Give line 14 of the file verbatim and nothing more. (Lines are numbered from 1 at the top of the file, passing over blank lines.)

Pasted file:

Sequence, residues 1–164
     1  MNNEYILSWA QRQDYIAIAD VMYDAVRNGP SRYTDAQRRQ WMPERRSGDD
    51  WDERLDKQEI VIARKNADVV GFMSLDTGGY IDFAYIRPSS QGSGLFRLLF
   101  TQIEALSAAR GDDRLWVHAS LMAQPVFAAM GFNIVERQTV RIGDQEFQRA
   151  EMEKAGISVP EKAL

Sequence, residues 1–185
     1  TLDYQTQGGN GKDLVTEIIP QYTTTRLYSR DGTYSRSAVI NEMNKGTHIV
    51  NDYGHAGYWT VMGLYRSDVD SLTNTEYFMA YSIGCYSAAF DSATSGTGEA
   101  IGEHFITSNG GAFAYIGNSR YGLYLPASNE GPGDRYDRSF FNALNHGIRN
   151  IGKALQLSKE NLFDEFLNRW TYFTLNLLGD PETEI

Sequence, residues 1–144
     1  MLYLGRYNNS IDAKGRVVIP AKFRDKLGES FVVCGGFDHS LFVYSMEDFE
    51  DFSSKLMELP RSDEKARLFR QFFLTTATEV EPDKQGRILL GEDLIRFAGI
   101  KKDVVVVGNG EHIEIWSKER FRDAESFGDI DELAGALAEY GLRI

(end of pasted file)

   101  KKDVVVVGNG EHIEIWSKER FRDAESFGDI DELAGALAEY GLRI